Is it the future of sport aviation or just another pipe dream?
By Patrick Panzera, EAA 555743, email@example.com
As I write this, I’ve yet to unpack my bags after returning home from Sun ’n Fun, and I’ve yet to unpack my van and trailer from CONTACT! Magazine’s Alternative Engine Round-Up in Jean, Nevada, that was held a few weeks ago. In a few hours of this writing, I’ll be leaving for the 2010 CAFE Foundation Electric Aircraft Symposium where I hope to get the answer to the question in the subtitle of this editorial.
Yes, I’ve been a busy guy lately, but that’s not my focus right now; I just wanted to let you know that I’ve been working...for you. When my time isn’t being spent trying to eke out a living in the current economy, I’m trying to dig up the really cool, cutting-edge stuff I know you’ll enjoy, and that takes me all over the country. I’m certainly not complaining; I love doing it, seeing new things, meeting new people, and reuniting with old friends, but it can get exhausting.
The CAFE Foundation has been around a long time. I won’t go into all the details, but if you’re interested, you can read the particulars by clicking here. The focus of CAFE is with efficacy of flight and the promotion of taking aviation to the next level. Not long ago, it seemed that one focus was on roadable aircraft, sometimes referred to as PAVs (personal air vehicles). In 2007, CAFE awarded $250,000 of NASA PAV prize money, split between the four contestants, with 10 percent of that going to a Cessna 172. The other three competitors consisted of an RV-4 that took home $50,000 for having a noise level three times quieter than most small aircraft, and two different Pipistrels that took home the majority of the balance. 2008 wasn’t a lot different with one Pipistrel and one Lambada sharing all but $3,750 (of the nearly $100,000 prize money) that was won by a Flight Design CT; no one won the Green Prize.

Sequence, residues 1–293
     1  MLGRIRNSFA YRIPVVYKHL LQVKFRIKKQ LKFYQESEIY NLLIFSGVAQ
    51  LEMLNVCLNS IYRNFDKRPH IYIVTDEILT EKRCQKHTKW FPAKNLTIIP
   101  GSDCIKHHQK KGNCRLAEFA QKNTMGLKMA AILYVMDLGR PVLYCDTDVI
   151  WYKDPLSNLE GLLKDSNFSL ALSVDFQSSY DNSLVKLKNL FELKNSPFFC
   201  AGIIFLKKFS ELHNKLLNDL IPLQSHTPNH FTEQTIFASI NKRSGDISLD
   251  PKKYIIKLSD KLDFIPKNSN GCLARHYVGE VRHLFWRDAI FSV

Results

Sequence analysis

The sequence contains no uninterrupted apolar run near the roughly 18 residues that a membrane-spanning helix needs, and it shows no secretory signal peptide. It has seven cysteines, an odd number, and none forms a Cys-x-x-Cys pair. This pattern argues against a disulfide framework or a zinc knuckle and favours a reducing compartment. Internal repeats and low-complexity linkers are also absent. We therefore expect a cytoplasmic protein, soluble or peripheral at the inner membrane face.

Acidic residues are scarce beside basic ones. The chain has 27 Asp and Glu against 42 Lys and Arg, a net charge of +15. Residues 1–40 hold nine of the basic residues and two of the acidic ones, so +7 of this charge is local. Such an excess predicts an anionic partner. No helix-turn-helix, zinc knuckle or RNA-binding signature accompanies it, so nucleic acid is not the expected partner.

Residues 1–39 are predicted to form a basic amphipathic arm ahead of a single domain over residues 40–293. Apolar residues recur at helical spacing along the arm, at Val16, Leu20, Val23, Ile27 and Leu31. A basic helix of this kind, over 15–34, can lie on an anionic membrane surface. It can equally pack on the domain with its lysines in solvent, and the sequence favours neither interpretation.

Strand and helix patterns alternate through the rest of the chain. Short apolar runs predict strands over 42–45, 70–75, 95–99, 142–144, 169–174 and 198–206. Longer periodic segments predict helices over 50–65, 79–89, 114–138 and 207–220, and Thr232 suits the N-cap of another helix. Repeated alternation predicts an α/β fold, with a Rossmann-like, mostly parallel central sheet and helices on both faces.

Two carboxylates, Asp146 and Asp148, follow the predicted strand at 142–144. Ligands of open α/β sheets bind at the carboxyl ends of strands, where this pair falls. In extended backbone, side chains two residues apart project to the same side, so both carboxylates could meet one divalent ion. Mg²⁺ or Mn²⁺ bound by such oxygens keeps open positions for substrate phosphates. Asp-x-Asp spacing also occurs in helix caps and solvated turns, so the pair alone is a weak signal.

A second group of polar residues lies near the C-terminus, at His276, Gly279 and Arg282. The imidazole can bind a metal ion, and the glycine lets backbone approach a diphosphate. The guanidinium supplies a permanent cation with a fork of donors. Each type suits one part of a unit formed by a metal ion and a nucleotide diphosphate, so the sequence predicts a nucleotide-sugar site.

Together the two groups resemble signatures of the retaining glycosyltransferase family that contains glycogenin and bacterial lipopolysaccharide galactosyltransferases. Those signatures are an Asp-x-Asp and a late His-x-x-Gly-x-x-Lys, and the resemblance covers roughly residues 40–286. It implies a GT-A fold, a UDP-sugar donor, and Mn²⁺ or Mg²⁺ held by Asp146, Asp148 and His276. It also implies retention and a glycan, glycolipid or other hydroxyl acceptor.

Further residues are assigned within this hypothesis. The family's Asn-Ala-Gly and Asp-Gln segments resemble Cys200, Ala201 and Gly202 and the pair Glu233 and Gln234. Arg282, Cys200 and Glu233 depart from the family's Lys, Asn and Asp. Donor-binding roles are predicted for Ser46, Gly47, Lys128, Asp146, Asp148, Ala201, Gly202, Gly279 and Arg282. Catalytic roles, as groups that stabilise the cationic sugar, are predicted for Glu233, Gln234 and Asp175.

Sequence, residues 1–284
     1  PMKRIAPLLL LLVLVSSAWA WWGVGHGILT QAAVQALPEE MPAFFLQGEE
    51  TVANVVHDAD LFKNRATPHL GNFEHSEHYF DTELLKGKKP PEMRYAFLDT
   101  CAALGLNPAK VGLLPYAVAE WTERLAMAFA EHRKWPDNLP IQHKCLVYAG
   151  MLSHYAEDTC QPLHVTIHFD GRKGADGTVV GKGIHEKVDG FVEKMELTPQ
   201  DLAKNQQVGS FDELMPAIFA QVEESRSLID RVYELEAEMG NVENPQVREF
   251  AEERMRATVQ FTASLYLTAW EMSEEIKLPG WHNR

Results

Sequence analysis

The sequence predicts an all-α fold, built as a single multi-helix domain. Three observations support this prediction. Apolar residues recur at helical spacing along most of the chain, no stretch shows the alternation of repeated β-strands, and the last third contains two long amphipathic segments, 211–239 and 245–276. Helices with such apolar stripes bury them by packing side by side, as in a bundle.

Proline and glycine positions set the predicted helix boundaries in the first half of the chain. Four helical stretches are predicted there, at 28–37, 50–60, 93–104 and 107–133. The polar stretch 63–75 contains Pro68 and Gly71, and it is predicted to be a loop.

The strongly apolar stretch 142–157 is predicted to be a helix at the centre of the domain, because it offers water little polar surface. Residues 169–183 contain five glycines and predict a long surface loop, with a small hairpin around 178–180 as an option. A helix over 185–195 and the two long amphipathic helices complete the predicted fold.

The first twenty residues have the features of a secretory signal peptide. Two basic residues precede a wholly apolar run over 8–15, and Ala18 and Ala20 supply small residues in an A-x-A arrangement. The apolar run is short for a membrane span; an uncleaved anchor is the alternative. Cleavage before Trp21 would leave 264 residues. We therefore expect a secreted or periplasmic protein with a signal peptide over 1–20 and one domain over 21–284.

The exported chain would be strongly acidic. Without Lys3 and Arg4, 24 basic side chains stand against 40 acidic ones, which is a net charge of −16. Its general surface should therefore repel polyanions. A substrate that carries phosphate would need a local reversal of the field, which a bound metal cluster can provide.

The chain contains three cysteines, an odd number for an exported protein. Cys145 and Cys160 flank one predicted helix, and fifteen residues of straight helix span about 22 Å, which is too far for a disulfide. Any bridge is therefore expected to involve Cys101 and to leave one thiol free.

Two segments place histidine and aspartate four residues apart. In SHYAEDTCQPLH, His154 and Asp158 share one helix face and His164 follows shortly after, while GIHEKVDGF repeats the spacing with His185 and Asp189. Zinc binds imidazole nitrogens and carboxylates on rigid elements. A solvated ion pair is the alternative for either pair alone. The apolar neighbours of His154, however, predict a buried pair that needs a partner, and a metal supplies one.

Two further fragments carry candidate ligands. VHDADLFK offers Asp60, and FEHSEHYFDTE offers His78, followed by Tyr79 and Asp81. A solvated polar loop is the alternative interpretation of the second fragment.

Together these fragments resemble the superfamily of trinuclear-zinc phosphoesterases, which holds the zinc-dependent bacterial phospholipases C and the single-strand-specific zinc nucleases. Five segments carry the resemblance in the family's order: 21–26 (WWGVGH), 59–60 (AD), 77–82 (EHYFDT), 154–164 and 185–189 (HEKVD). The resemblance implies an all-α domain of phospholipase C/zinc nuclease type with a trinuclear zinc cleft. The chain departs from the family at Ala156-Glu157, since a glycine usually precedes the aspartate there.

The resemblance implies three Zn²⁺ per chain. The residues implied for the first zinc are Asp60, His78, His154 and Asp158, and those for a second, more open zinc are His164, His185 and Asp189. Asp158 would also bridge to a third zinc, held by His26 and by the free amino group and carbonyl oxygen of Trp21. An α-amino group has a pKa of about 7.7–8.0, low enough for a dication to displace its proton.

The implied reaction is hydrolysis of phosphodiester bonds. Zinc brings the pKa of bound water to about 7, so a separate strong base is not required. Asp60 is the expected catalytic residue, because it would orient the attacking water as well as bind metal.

Randall Fishman’s ElectraFlyer motor and battery on display at Sun ‘n Fun 2009
But now it seems that the focus of CAFE is on electric flight with the hosting of the fourth annual symposium as mentioned earlier. We’ve watched the advancement of electric flight at Sun ’n Fun for several years in a row with the work that Randall Fishman has achieved with his ElectraFlyer, and we’ve seen a few press releases here and there and static exhibits, such as the one at Sun ’n Fun this year and AirVenture last year, but we aren’t seeing the explosion that I’ve been personally hoping for – probably as a result of believing the hype... which I still want to do.
So right now, I’m very optimistic my enthusiasm and belief that electric flight will be the “next big thing” will be reenergized this weekend while attending the Electric Aircraft Symposium, and hopefully I can share with you next time some of what I’ll learn.
Why the Thatcher?
I hope you weren’t deceived with my use of a Thatcher CX4 in the lead-in to this article. When I sat down to write this editorial, my interests for a topic were mixed: the symposium (which is heavily on my mind as I’ll be leaving soon for my 250 mile drive to Northern California,) the Titan T-51 since it’s a major feature in this issue and because I got some stick time in one at Sun ’n Fun (what a hoot!), and of course the Thatcher since Ted’s article in this issue is so inspiring.
The symposium won out (obviously). But I still wanted to pay homage to the Thatcher because while at Sun ‘n Fun last week, I got to sit in it for the first time (and I fit!) and because I was able to direct my dear friend Ashlynd Leighton toward the purchase of a set of plans while we were there. I can’t express how thrilled I am that she has taken the first step toward building and flying her own plane. I just wish we didn’t live 3,000 miles apart, so I could physically help her through the process. In any case, you can trust that we’ll be following her progress in future issues of Experimenter and CONTACT! Magazine.
And to bring it full circle, the CX4 is certainly a viable contender for electric flight, when the technology finally arrives.